ewzyafrsadvx
bitcoin hack
security

Bitcoin Hack Reaches 100 in Google Trends

The search volume for the term “bitcoin hack” is at an all time high on Google. Why might this be? Let’s have a look at what is going on in the bitcoin world. Recent events, what to look out for and how to avoid a bitcoin hack on your own accounts.

bitcoin hack

Nicehash – over $70 million stolen in bitcoin hack

 

Most of the publishers were writing about the unfortunate bitcoin hack on the 7th of December that occurred on the Nicehash platform. Let’s go over a few details that are known at this point.

Nicehash, a multi-mining pool for cryptocurrencies announced late last week that they had a security breach where roughly 4700 BTC was stolen from the site’s account.

NiceHash is a platform for mining various cryptocurrencies where you can get paid in bitcoin for your computing power. Their CEO Marko Kobal has said that they have paid out over $1 billion to their users since they started operating 4 years ago.

Since the bitcoin hack they have halted service and are working on getting the platform back and potentially reimbursing the users. It seems that the hackers entered their platform using the credentials of one of the company’s engineers. They have not announced whether the bitcoin was stolen from the users’ accounts as well at this point.

 

How to avoid a bitcoin hack?

 

As it seems that one of the NiceHash’s employees got their account details compromised, let’s have a look at a few ways we can prevent this from happening to ourselves. Cryptocurrencies are an amazing innovation, this tech can bring us many new opportunities however the safety of your money is in your hands. Bitcoin transactions are irreversible, this means if your account details are compromised and someone steals your bitcoin, there is no way of getting it back.

A bitcoin hack can happen in many different ways. For example:

 

Phishing attack

 

A phishing attack is when a users are tried to be lured in by fraudsters to click on a link and enter their credentials. Normally the website, creatives and copy is identical to the original website so if you are not paying attention it can be hard to spot the difference. The domain can look very similar. For example someone might try to trick you to click on pafxul.com.

The website it redirects you to can look identical at first glance. If you’re more technically advanced you could find out if a site is legit or not by inspecting the code. Fraudulent sites tend to have many errors in them as most people don’t look and it’s makes more sense for fraudsters to just get the cloned site up and running, collecting unsuspecting users’ login details.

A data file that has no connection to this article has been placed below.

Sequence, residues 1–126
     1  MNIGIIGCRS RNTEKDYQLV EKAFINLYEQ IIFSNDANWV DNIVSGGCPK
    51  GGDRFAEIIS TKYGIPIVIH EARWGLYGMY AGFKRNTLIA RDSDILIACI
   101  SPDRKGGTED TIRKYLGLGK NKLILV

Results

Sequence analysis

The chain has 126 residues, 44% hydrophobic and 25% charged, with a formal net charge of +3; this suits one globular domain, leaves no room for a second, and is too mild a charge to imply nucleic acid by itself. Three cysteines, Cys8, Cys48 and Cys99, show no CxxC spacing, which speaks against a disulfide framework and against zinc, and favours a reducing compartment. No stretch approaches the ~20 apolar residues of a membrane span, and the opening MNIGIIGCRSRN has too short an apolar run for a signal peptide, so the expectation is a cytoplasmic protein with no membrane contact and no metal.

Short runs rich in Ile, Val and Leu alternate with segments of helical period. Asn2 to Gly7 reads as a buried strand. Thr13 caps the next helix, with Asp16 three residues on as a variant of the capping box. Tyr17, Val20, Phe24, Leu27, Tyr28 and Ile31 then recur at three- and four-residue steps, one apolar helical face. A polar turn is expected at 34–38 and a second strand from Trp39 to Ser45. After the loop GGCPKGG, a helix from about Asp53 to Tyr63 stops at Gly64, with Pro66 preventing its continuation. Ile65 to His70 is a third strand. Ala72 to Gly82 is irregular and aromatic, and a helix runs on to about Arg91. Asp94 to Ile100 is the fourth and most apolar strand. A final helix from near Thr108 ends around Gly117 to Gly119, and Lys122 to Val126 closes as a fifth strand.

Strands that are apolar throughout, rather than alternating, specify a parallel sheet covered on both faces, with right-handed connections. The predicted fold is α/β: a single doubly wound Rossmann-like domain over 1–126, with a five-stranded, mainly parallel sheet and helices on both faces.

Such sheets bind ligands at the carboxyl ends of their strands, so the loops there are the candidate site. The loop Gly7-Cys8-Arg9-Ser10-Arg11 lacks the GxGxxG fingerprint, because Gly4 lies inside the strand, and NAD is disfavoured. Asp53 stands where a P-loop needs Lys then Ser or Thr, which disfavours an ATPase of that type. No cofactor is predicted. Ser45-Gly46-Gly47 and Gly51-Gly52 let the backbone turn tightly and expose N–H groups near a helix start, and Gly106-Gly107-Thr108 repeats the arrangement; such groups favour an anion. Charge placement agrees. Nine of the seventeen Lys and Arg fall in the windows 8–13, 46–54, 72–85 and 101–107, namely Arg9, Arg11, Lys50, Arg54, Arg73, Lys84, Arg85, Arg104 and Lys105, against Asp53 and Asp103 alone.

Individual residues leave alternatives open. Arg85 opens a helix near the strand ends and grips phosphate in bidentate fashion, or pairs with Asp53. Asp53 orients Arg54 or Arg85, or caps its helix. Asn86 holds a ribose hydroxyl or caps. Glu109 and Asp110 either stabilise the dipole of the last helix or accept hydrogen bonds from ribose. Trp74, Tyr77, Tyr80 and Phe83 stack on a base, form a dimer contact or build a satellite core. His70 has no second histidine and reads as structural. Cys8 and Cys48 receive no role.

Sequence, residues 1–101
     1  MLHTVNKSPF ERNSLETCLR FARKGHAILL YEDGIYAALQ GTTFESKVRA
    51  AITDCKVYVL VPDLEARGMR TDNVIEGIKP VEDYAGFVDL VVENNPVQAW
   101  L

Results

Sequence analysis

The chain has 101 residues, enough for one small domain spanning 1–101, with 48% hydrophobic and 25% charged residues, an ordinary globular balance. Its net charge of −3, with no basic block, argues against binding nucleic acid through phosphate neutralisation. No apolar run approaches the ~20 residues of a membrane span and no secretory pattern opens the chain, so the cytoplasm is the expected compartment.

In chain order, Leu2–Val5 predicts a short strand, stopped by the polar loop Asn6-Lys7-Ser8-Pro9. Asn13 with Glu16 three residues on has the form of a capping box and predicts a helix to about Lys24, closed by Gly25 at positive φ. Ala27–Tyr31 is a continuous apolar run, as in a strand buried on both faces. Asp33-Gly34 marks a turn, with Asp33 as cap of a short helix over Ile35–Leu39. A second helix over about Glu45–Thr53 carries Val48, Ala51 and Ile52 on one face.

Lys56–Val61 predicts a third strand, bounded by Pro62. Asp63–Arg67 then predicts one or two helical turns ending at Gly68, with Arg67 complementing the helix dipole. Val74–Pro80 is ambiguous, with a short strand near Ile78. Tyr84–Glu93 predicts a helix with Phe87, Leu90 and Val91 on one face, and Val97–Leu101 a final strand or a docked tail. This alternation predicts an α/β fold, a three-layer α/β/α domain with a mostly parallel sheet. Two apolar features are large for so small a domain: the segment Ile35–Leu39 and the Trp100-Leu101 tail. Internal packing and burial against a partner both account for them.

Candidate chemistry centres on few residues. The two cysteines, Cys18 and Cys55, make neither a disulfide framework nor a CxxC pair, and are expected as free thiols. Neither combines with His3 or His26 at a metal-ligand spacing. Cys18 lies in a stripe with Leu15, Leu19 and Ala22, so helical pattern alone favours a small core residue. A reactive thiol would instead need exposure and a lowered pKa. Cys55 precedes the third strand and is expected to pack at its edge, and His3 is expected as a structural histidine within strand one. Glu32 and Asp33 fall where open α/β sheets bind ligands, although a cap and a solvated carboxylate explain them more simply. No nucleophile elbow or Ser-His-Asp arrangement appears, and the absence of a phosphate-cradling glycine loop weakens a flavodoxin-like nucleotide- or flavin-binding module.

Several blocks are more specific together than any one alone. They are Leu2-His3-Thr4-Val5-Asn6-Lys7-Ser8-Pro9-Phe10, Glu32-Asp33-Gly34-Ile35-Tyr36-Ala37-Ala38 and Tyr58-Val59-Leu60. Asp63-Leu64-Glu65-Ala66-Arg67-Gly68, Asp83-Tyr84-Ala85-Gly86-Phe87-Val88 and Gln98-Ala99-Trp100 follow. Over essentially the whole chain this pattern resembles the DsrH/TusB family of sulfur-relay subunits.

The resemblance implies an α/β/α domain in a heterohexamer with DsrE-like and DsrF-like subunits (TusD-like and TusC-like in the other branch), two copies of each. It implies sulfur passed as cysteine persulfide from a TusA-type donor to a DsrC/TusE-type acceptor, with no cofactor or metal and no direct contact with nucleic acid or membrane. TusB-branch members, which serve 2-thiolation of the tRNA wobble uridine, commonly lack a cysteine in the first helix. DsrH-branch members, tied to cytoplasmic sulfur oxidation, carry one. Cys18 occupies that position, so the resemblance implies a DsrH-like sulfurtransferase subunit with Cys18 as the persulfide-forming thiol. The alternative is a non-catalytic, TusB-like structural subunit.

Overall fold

When you enter your details through their site, they’ve got you. They now have your username and password to log in to your site.

How to prevent this? Always have 2 factor authentication set up. For extra security you should use either a Google Authenticator or Authy app for this because 2-FA via text is also hackable. The fraudster can call up your phone provider and take over your sim.

We work hard taking down the phishing sites as soon as they are brought to our attention however there is no way to completely stop this. Hackers have also started messaging our users directly via Facebook messenger pretending to be from our support team. They use clever tricks like using our logo in their profile picture. If you see any suspicious emails or texts, please do let us know so we can have these sites removed as soon as possible.

We will never contact you asking for your username and password. Always log in directly at https://paxful.com not through any links from emails or texts.

 

Social engineering

 

This is a tactic that hackers use quite often. Gathering as much personal info about a person as possible and through that gain access to their accounts. People nowadays are so active and vocal on social media, sometimes sharing info that they shouldn’t be, this makes it easy for hackers to get enough info about a person to take over their accounts.

How to avoid this? Be vigilant about what you post on social media and online. Don’t share details of what bitcoin wallet you have or how much cryptocurrencies you own. We wrote about an incident where an account got hacked through a mobile sim takeover following a tweet by Cody Brown. The hacker took $8000 worth of bitcoin at the time and there was nothing Cody could do to stop it. If he had 2-FA set up through an app, he may have escaped this bitcoin hack.

 

How to keep your bitcoin safe

 

As bitcoin transactions are irreversible you need to keep in mind these few things.

Never share your passwords with anyone.

Set up 2-FA via an authenticator app

If holding large amounts of bitcoin, it is also recommended to either have it on a paper wallet in a safe place, hardware wallet or on a computer that has never been online.

We make it our mission to keep our platform as safe as possible, however when it comes to someone gaining access to your account by stealing your passwords and login details, there is not much we can do. Please always be suspicious of links and emails sent that appear to be from us and always have 2 factor authentication set up both for logging in and sending bitcoin out from your wallet. Set up 2-FA now

 

Facebooktwittergoogle_plusredditpinterestlinkedinmail

Comments

comments